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(c) 2002 by Rosemary Lake, ALL RIGHTS RESERVED, in Once Upon a Time When the Princess Rescued the Prince (13 Fairy Tales) available in paperback and ebook from http://www.rosemarylake.com

Free sample excerpt from

The Vampire Grandmother

    Once upon a time there was a cute little girl whom everyone called 'Miss Totally Capricious.' People who liked the little girl said that meant 'precious,' and people who didn't like her said it meant 'spoiled.’ But everyone agreed that whatever it meant, little Cappy behaved like that because her mother was very, very good to her.

    Anyway, one day Cappy would not stop singing, “I want cookies; I want cookies.”

    “Hush,” said her mother, “you're just fretting. Here, take this sieve and carry it over to your grandmother's house. And here's a lunch for you: yellow cheese and roasted nuts and a big green apple.”

    So Cappy stopped singing and walked through the countryside to her grandmother's farm. She didn't eat the lunch, because she hoped her grandmother would make her some cookies.

    When she got to the farm, grandmother's cat met her at the road, crying: “I'm so hungry, I'm so hungry, no one has fed me all day! Will you give me your yellow cheese?”

    “Of course, poor kitty,” said Cappy, who was very kind-hearted, and she gave him all her yellow cheese.

    When she got to her grandmother's yard, the goat met her, crying: “I'm so hungry, I'm so hungry, no one has fed me all day! Will you give me your roasted nuts?”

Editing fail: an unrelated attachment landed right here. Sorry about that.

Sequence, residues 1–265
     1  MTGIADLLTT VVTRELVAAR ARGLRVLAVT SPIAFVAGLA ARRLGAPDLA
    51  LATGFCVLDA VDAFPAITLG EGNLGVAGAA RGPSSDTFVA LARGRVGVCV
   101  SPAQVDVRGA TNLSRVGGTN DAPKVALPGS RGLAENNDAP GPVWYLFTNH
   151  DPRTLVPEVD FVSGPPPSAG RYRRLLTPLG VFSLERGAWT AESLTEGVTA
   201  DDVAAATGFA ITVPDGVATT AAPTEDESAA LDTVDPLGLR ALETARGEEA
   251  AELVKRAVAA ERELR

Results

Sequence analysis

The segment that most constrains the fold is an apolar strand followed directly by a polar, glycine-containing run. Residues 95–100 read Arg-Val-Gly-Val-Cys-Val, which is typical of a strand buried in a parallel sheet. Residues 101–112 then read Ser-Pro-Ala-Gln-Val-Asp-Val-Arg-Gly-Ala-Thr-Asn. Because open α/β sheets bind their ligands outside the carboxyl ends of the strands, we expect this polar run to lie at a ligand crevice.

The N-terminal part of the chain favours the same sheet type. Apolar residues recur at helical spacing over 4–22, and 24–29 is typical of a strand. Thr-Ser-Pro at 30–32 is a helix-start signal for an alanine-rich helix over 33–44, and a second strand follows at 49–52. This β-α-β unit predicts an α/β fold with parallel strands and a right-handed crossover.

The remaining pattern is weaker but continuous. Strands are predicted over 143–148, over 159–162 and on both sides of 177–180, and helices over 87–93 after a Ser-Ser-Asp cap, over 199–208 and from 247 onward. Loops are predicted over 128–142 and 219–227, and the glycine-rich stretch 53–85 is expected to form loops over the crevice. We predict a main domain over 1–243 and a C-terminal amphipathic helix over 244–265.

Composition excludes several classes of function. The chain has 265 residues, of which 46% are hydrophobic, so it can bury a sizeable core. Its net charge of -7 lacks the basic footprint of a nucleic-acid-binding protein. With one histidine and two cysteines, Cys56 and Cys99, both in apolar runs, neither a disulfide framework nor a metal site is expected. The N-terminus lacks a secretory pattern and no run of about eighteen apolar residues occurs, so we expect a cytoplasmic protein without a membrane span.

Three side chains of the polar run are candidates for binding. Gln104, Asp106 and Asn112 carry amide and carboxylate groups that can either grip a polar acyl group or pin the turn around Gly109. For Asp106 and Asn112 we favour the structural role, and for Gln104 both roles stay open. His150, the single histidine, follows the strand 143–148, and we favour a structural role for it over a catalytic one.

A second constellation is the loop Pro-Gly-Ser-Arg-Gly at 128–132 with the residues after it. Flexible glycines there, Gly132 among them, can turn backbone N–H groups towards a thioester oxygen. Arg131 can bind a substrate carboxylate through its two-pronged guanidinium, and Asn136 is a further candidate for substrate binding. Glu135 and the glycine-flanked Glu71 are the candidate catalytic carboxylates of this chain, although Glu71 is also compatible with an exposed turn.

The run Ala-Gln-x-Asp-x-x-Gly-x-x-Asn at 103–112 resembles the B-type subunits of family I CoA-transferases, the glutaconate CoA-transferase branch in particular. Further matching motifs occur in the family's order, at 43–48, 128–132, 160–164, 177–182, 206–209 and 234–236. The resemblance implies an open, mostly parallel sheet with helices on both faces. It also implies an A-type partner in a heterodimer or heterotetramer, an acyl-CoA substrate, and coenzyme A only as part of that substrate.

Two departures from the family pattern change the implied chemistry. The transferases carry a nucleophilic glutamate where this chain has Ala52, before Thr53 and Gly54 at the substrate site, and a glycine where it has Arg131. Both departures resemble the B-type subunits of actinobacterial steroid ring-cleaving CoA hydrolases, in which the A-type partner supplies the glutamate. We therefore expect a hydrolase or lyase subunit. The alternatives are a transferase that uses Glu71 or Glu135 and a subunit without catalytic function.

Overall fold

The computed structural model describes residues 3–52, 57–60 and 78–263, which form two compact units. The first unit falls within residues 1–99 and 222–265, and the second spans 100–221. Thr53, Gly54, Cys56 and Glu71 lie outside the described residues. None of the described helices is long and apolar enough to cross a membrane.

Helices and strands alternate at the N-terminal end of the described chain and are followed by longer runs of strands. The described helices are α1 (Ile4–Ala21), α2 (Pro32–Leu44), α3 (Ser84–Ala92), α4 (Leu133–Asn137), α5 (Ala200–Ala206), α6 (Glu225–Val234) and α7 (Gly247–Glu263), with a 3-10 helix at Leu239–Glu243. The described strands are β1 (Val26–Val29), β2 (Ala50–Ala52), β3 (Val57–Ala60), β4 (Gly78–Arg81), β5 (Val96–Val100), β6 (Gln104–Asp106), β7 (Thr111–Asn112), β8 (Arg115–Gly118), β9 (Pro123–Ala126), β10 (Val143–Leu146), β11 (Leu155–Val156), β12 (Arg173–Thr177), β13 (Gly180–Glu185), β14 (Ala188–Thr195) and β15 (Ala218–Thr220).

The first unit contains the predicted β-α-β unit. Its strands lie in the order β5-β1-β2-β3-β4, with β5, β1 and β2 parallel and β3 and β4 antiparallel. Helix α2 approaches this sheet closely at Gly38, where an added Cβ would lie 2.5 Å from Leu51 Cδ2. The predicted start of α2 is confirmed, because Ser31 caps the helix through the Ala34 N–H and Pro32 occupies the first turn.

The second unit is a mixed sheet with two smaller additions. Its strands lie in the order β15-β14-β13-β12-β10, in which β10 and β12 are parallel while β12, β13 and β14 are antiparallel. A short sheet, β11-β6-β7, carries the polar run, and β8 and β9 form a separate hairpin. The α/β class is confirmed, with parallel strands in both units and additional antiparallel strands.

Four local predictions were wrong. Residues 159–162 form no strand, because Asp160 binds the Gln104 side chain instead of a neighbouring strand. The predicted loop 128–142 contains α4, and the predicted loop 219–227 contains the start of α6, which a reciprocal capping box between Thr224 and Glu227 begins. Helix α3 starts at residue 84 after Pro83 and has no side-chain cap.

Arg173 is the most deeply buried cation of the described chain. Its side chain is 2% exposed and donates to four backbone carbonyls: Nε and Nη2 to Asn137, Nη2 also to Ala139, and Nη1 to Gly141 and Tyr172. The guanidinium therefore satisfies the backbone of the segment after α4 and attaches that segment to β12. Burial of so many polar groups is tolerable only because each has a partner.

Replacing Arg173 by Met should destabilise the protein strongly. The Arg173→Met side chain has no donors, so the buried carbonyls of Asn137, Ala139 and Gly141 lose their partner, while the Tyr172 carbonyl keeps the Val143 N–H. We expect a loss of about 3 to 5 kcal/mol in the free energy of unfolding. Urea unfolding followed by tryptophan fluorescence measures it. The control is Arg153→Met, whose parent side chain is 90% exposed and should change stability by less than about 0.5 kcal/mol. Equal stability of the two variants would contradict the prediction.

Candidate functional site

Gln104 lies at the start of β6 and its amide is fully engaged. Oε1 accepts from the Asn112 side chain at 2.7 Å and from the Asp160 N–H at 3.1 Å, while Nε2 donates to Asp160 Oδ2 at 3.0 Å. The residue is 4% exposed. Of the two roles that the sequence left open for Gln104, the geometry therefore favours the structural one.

“Of course, poor goat,” said Cappy, and she gave him all her roasted nuts.

    When she got to her grandmother's barn, the horse met her, crying: “I'm so hungry, I'm so hungry, no one has fed me all day! Will you give me your big green apple?”

    “Of course, poor horse,” said Cappy, and she gave him her big green apple.

    At last Cappy got to her grandmother's house, but found it all shut up and dark. She knocked and called, “Granny, Granny, come open up!”

 

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Changed and lengthened from “L'orca,” a Southern European tale.  ‘Miss Totally Capricious’ is my phrase, suggested by de Nino’s footnote to ‘i tutti cugli,’ which says “I capriccetti […] capriccioso piagnucolante.” -- see Selected Bibliography.

Parts of this story are my own; other parts (including the scatological escape) very closely follow the 1883 original. A similar escape is in a French version (A. Millien, Melusine,  v. 3 [1886-1887] col. 428-429) – and see Jack Zipes, The Trials and Tribulations of Little Red Riding Hood: Versions of the Tale In Sociocultural Context. Other very old, similar versions are linked from my site.

Calvino’s version, “The False Grandmother,” follows the 1883 events more closely than mine, has a delightful ending, and is well worth reading aloud (Parental Discretion Advised in the middle).